Equity and diversity

A pivotal year for Canada’s engagement with global social justice

Julia Sánchez, President-CEO, Canadian Council for International Co-operation (CCIC)

February 20th is World Day of Social Justice, as recognized by the United Nations since 2007. The day is a call to observe social justice by supporting “efforts of the international community in poverty eradication, the promotion of full employment and decent work, gender equity and access to social well-being and justice for all”.  

Three events make 2015 a pivotal year for global social justice: first, there is the 20th anniversary and review of the Beijing...

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Canada and the Universal Declaration of Human Rights

By Rhoda Howard-Hassmann, Canada Research Chair in International Human Rights, Wilfrid Laurier University

This blog post was contributed for Human Rights Day, observed on December 10.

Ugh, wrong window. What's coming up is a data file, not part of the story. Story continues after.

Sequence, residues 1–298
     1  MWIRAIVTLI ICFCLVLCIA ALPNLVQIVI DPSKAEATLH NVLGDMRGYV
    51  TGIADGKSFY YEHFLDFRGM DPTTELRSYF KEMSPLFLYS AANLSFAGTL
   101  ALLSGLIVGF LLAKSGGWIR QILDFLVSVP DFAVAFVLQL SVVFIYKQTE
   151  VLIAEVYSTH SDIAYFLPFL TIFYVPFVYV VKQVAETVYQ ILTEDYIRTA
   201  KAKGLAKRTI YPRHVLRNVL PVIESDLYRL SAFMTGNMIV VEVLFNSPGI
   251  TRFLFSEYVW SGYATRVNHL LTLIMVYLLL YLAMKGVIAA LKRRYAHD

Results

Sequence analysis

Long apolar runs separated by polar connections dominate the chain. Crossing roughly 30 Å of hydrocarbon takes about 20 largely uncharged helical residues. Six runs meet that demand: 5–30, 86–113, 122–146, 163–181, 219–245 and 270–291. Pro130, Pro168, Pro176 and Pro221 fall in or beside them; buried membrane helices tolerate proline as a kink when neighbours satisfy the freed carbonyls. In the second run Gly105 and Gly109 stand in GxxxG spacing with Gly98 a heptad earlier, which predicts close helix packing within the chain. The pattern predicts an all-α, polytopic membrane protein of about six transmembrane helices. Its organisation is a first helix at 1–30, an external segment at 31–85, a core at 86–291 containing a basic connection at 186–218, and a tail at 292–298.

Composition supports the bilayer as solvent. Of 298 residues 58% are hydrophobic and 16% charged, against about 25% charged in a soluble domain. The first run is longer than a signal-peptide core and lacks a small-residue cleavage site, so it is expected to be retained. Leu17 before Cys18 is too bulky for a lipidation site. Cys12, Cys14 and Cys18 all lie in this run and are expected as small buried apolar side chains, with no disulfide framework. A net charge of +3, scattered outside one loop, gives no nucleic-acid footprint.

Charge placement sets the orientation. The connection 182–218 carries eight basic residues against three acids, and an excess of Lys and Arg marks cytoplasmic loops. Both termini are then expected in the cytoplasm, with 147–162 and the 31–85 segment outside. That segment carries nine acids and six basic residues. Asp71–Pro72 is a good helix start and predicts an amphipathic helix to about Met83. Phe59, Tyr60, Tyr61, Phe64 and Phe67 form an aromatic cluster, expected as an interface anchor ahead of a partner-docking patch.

December 10, 2014 is the 66th anniversary of the Universal Declaration of Human Rights (UDHR).

In his Why Canada Cares (McGill-Queen`s University Press, 2012, pp. 4-5), Andrew Lui shows that Canada`s initial response to the formulation of the UDHR was extremely negative.  Canada was worried the UDHR would give rights to Communists, Jehovah`s Witnesses, Japanese Canadians and Aboriginal Canadians. Canada also opposed economic and social rights. Indeed, Canada actually abstained on December 7, 1948 in a...

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Executive Override of the Canadian Charter of Rights and Freedoms

By Pearl Eliadis
Pearl Eliadis is a Montreal lawyer. She teaches at the Faculty of Law, McGill University and is a Full Member of the Centre for Human Rights and Legal Pluralism. 

This blog post was contributed for Human Rights Day, observed on December 10.

This text is drawn from the introductory pages of Speaking Out on Human Rights: Debating Canada’s Human Rights System (McGill-Queen’s University Press, 2014). 

There is a broad consensus in Canada when it comes to human rights. Between 2010 and 2012, Focus Canada surveys showed that more than 70 percent of respondents considered the Canadian Charter of Rights and Freedoms to be an important symbol of Canadian...

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Humanities and social science research is crucial to our understanding of the changing workplace

Jean-Marc Mangin, Executive Director, Federation for the Humanities and Social Sciences